The trucks and crews that are the critical part of the program are all owned by private companies, many of which are small businesses and will continue with the program.
The new contract will provide a centralized system to manage the capacity — such as trucks and crews — that TRANSCOM can’t do with the current system, said Ken Brennan, director of acquisition for TRANSCOM, in a Wednesday briefing with reporters. Instead of awarding the contracts through dozens of offices on the basis of each individual shipment, the company will be able to use the available trucks and crews in more efficient ways, officials said.
For example, one source said, the system now simply awards a shipment to a certain location, such as from Norfolk to San Diego. The company arranges for a crew to pack and load the items, and for a truck to get the belongings to San Diego. But under the new system, planners would also consider the most efficient use of trucks and crews in determining which truck goes to that sailor’s house in Norfolk. They’d also consider whether the truck might be able to pick up belongings of another service member — or another customer in the private sector —in the San Diego region, for delivery on its way back to the East Coast.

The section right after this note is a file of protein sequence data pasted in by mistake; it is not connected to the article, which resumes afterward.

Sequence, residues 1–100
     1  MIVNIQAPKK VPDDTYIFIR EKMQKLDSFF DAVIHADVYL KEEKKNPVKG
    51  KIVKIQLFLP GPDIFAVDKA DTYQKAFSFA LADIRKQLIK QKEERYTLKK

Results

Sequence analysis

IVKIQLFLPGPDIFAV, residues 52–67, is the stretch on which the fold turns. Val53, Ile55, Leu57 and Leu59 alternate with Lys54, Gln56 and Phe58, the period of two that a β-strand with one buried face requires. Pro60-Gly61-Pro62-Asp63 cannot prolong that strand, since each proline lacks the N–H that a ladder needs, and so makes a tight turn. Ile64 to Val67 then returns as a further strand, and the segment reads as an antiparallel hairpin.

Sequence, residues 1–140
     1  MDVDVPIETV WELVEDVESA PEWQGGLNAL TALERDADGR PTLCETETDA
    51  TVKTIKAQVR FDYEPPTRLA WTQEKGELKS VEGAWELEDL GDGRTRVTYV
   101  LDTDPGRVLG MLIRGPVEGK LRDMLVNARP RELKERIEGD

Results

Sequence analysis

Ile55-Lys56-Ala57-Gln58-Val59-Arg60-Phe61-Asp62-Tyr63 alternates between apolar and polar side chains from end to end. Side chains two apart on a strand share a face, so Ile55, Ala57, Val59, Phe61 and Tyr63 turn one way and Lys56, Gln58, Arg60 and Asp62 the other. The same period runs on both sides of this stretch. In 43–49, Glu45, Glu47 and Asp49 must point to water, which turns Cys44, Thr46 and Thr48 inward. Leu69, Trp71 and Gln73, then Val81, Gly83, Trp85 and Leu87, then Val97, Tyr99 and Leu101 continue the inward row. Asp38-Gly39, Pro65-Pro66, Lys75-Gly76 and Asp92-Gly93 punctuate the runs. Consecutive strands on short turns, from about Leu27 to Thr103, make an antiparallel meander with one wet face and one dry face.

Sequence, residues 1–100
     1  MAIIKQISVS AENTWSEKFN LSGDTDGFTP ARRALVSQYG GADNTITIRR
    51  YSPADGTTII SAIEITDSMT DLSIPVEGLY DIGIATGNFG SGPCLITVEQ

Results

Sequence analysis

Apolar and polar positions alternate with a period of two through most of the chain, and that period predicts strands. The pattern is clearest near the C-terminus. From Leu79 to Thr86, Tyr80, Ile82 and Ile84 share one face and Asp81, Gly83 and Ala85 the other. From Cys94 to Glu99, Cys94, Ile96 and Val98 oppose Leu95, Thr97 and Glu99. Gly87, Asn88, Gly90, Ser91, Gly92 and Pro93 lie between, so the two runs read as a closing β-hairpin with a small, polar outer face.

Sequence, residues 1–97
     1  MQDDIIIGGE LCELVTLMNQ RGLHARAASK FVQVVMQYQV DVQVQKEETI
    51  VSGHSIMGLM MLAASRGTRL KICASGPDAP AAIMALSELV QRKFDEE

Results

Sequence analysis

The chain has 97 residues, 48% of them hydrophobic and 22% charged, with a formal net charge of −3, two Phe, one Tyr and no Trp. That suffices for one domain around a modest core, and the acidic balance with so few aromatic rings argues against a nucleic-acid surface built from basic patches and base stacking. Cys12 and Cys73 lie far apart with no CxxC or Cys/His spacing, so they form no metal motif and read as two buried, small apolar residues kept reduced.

DoD already relies on the moving industry to move service members’ household goods. But there’s no enduring contract, and no enduring relationship with any of the numerous moving companies that handle household goods, according to Brennan. This long-term relationship provides industry with the confidence and rationale to invest in trucks and crews, and to use their relationships within their own networks to increase capacity to meet DoD’s demand, he said.
And because there was no formal contract with household goods movers, DoD “couldn’t hold them accountable in a meaningful way,” Brennan said.
That has been a big concern among some military families, who have long asked for DoD to hold moving companies accountable for their lost and damaged property.